To tell a compelling story…

Using Scent to Develop Characters

Posted on: April 15, 2010

This afternoon, I was leaving the gym when a woman walked past me.  There was a moment, a split second, where her scent hit me.  She reminded me so much of my dead grandmother, I froze in my tracks and just stood there, steeped in a flood of fond memories.  It was a few minutes before I returned to reality.

The emotions that one scent evoked were so real, so strong, I headed to Google to find out why. Turns out our sense of smell is part of the limbic system, where it’s tightly connected to the part of the brain that handles memory and emotion. In fact, the limbic system is often called the emotional brain.

I thought it would be an intriguing exercise to think about the scents that trigger both good and bad memories in us and perhaps find ways to use these triggers as we develop characters.

  • I do not smoke, nor do I drink coffee. (I despise both.) But both of my parents were smokers and coffee drinkers so when I smell cigarettes and coffee together, it makes me think of home.
  • A neighbor who painted houses for a living scared me when I was five.  I’m in my forties now and when I smell house paint on men, my heart lurches and I have to run.
  • I was a nursing student for a year before I realized I’d made a mistake. In my clinical work, we used a solvent called Xylene that smells so powerfully like oranges, any orange scent I notice today makes me recall with a shudder why I left nursing school.
  • There was a huge lilac bush in my paternal grandparents’ yard.  My mother’s parents had honeysuckle. Either scent takes me back to single digit ages, when I’d beg to be picked up so I could reach a branch to pick.
  • Twenty years ago, my nephew was born and I was honored to spend a few weeks helping to take care of him.  The poor little guy suffered so badly from colic, his pediatrician suggested a formula called Alimentum, a special blend of easily digested proteins. Alimentum is some potently nasty stuff. It looks a bit like latte rather than milk and smells a lot like vomitus and sour milk.  Worse, it has the unfortunate side effect of permeating the entire house rather than just the baby.  It’s such a strong odor that I can walk past a Mommy & Me class and pick out the one baby on the stuff.   Yet, each time I smell it, I immediately go back to 1990 and remember the first time my nephew smiled.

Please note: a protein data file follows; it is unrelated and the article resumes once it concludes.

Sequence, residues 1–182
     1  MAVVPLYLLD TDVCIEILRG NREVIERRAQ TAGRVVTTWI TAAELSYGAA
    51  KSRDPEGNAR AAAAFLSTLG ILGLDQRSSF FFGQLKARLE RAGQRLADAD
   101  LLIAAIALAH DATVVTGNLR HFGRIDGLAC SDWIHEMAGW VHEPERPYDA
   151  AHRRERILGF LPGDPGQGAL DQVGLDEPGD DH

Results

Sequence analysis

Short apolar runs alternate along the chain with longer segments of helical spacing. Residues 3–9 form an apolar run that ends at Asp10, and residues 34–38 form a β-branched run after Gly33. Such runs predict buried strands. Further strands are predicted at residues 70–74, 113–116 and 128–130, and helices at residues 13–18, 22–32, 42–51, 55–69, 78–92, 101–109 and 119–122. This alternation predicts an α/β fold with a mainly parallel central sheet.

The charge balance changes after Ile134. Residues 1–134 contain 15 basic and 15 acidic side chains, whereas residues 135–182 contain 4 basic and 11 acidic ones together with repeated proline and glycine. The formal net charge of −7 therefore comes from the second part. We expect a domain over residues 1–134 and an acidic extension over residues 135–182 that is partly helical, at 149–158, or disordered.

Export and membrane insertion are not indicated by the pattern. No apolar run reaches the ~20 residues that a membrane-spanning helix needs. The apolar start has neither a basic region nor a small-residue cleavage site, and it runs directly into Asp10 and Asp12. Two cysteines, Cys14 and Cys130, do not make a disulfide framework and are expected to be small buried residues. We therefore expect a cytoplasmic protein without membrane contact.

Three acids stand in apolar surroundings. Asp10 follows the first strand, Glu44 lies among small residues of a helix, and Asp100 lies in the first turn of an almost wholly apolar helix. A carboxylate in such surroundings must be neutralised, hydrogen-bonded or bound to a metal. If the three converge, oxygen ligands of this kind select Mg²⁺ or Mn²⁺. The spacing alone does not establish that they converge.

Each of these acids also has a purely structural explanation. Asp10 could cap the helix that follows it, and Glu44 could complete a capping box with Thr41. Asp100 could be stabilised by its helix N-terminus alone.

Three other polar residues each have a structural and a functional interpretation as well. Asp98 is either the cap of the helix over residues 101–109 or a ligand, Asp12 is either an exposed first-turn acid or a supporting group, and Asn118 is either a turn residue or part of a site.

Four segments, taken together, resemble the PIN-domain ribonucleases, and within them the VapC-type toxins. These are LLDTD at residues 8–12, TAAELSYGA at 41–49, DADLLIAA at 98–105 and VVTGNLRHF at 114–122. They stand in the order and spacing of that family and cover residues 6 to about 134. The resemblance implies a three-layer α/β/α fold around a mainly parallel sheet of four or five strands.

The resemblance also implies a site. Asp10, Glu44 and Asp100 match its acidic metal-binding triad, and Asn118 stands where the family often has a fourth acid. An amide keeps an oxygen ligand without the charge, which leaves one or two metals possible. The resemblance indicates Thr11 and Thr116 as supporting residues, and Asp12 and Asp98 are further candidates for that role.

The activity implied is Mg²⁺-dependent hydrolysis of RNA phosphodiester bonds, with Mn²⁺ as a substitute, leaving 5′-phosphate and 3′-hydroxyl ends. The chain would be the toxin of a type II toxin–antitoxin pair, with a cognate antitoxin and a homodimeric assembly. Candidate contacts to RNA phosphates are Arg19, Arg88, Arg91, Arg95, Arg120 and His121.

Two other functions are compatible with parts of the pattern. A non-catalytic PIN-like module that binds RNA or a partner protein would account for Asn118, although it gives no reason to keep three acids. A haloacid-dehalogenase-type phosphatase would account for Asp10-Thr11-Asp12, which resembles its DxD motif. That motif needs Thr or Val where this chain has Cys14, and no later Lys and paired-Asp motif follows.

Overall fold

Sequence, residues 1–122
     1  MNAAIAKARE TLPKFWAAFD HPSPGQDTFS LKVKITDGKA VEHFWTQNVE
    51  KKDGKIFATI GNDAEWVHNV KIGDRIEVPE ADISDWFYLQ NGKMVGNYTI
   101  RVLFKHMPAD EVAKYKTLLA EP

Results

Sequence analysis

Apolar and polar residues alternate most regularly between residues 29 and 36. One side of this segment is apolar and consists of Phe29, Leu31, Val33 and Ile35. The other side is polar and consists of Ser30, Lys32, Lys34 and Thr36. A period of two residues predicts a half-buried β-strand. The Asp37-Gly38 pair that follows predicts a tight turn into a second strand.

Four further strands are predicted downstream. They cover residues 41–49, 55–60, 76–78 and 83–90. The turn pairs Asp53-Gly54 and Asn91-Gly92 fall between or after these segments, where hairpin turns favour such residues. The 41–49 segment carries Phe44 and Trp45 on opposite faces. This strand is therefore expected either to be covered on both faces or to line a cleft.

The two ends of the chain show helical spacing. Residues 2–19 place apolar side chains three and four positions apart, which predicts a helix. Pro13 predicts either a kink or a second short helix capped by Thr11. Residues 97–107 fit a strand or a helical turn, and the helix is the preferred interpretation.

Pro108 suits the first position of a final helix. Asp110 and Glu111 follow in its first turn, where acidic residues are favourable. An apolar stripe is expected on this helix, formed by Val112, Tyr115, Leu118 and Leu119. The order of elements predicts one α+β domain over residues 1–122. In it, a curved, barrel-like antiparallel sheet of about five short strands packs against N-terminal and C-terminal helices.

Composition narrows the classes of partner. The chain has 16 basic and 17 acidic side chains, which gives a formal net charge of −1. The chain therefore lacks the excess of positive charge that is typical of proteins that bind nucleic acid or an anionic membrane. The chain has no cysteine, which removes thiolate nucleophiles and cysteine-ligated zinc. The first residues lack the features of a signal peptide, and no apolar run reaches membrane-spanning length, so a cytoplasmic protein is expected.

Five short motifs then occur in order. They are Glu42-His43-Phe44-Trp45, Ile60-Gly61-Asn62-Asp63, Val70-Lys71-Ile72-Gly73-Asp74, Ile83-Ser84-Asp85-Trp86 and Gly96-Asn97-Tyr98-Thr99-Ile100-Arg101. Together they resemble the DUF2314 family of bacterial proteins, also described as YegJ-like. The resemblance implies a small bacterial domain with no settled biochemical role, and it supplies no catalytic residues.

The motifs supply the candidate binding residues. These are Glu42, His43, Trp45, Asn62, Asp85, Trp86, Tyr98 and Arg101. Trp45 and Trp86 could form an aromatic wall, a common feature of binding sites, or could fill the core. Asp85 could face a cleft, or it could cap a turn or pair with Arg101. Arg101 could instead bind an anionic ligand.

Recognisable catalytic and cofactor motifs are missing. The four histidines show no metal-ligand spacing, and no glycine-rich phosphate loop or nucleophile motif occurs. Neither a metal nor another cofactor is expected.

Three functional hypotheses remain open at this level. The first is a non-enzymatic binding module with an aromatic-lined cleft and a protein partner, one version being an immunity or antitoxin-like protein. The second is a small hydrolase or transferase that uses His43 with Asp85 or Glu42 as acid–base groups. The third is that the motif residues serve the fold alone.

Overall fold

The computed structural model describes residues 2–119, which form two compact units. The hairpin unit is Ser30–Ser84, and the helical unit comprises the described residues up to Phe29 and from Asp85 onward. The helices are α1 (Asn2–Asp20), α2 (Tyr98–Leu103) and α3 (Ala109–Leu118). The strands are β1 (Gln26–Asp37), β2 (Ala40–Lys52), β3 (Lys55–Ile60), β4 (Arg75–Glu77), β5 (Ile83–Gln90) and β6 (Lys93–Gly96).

At the end of “Sleeping with the Enemy”, Julia Roberts is blissfully unaware that her abusive husband has found her until her eyes happen to alight on the towel rack. The towels she always leaves askew are new perfectly aligned.  What if scent were involved?

She unlocked her door and stepped inside, careful to lock the door behind her. She kicked off her shoes and shrugged out of her coat, leaving them where they’d landed, one shoe in the center of the hall. Her coat was a ball by the door. The freedom, the power in such small acts of defiance lifted her lips in a satisfied smile. She hugged herself and twirled around, celebrating her freedom when it hit her.  She’d stirred the air and there, just there if she faced the kitchen, she could smell him. House paint and sweat and Kools and her heart hammered a rhythm to the playback of every kick, punch, and shove she’d endured. She threw the latch on the door and ran, one shoe still in the center of the hall, her coat still a ball near the door.

What scents evoke strong memories in you?


3 Responses to "Using Scent to Develop Characters"

Great post, Patty. I need to remember to use more scent and touch senses in my prose. Thanks!

Great article! Cigarette smoke reminds me of my grandfather, fresh cut grass reminds me of growing up in OH, and fresh baked scones remind me of the UK.

Thanks, Rebecca. I like freshly cut grass, too. And the air, after it rains.

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Hi! Welcome to my blog. I’m Patty.

I'm a writer represented by Denise Little, The Ethan Ellenberg Agency. I love to tell stories, to boast about my sons, to indulge in a serious chocolate obsession. (I often combine these passions.)

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